by Mitch Kokai
Senior Political Analyst, John Locke Foundation
A recurring television ad in North Carolina’s U.S. Senate race has prompted a response from Rep. Paul Stam, R-Wake, speaker pro tem of the N.C. House of Representatives.
NCGA Increases Funding for Education
Raleigh, NC – A narrator in advertisements currently being run by the national Democratic Senatorial Campaign Committee says, “House Speaker Thom Tillis drew a bulls-eye on public schools, cutting nearly $500 million. Tillis sliced and diced education, creating chaos in our classrooms and hurting middle class families.” Flyers paid for by the Democratic Party of North Carolina are being mailed stating that Gov. McCrory and Republican incumbents worked together to cut $500 million from NC schools. This is blatantly wrong and is just another example of weird Washington, D.C. math.
The total education budget in 2010-11 (last budget passed before Speaker Tillis assumed the role of House Speaker) was $10.8B. The total education budget for 2014-15 is $11.8B. Give this math problem to a 4th grade student, and he or she will tell you that this is a $1 Billion increase in education funding. Give this math problem to Harry Reid or the Democratic Party of North Carolina, and they say it is a $500M cut. This doesn’t look like a cut to me. Even if you figure in student population increases and inflation, the $1 Billion increase is still an increase, not a cut.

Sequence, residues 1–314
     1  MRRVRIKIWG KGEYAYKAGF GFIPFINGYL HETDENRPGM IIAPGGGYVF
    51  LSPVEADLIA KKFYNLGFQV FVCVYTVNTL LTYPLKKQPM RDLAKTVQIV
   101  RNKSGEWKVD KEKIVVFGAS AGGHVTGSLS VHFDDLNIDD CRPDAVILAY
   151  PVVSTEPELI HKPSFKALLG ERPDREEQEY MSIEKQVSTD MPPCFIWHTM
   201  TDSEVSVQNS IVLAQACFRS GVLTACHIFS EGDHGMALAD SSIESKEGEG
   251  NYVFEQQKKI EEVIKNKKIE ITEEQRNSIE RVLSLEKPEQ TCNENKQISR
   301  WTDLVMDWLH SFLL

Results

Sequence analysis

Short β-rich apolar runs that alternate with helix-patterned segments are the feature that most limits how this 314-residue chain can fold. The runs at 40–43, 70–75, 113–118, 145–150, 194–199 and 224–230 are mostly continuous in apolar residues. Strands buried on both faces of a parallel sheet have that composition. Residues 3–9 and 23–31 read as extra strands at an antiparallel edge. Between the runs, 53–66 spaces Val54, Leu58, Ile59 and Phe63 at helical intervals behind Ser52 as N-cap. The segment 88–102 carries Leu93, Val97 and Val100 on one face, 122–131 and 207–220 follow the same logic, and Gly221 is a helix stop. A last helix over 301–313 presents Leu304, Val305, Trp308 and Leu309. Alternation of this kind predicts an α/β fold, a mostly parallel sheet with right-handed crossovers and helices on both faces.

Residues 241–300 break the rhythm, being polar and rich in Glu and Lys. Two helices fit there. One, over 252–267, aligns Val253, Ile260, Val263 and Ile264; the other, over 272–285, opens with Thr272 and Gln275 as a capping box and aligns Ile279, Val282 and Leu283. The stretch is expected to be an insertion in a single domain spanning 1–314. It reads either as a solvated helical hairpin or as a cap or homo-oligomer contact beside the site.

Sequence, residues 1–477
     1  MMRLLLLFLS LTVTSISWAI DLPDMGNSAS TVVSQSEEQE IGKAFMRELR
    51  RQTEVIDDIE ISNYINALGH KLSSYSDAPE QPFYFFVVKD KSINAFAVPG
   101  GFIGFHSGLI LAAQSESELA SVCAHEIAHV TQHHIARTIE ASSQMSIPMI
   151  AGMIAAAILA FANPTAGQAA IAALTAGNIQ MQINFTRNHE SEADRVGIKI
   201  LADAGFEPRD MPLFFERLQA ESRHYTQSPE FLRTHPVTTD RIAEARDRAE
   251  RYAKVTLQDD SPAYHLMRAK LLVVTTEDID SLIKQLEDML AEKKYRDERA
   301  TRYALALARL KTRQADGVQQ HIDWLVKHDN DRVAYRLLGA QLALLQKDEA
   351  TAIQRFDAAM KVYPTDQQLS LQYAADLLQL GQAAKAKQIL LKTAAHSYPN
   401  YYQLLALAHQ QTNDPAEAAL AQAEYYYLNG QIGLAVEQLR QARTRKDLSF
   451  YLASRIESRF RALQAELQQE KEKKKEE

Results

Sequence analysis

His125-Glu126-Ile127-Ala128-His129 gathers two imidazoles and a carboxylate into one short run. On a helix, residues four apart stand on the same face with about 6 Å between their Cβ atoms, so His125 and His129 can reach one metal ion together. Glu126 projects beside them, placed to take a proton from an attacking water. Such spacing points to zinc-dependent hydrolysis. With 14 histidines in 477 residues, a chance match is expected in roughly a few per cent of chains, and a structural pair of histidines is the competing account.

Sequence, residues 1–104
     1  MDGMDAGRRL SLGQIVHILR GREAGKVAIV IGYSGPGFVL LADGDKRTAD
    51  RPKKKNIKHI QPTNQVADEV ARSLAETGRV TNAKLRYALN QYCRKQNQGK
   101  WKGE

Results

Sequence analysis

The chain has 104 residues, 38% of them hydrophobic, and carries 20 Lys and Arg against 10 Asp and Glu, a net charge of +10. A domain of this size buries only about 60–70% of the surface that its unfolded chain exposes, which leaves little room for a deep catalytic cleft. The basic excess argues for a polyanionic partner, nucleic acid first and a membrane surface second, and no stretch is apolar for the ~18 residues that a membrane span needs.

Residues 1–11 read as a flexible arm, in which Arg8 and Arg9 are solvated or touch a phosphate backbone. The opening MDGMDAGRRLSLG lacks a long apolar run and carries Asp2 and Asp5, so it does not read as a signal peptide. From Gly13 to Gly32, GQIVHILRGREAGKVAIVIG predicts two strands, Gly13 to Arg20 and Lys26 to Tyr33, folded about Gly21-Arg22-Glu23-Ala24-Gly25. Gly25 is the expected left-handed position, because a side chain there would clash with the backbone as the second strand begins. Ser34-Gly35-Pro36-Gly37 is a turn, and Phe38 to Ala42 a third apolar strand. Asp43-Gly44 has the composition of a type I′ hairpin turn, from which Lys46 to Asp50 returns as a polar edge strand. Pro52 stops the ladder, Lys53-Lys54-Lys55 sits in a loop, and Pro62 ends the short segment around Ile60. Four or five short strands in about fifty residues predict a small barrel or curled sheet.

As Terry Stoops recently noted of the new state budget:
Most reports about the new budget have focused on an average teacher salary increase of 7 percent, “one of the largest pay raises for North Carolina teachers in a generation,” according to the report. The budget sets aside $282 million for teacher raises.
“Republican legislators have increased the K-12 education budget in each fiscal year since they have been in the majority in the General Assembly,” said report co-author Dr. Terry Stoops, JLF Director of Research and Education Studies. “With an elementary and secondary education budget that exceeds $8.1 billion, this year’s spending plan represents a 3 percent increase over last year’s education budget.”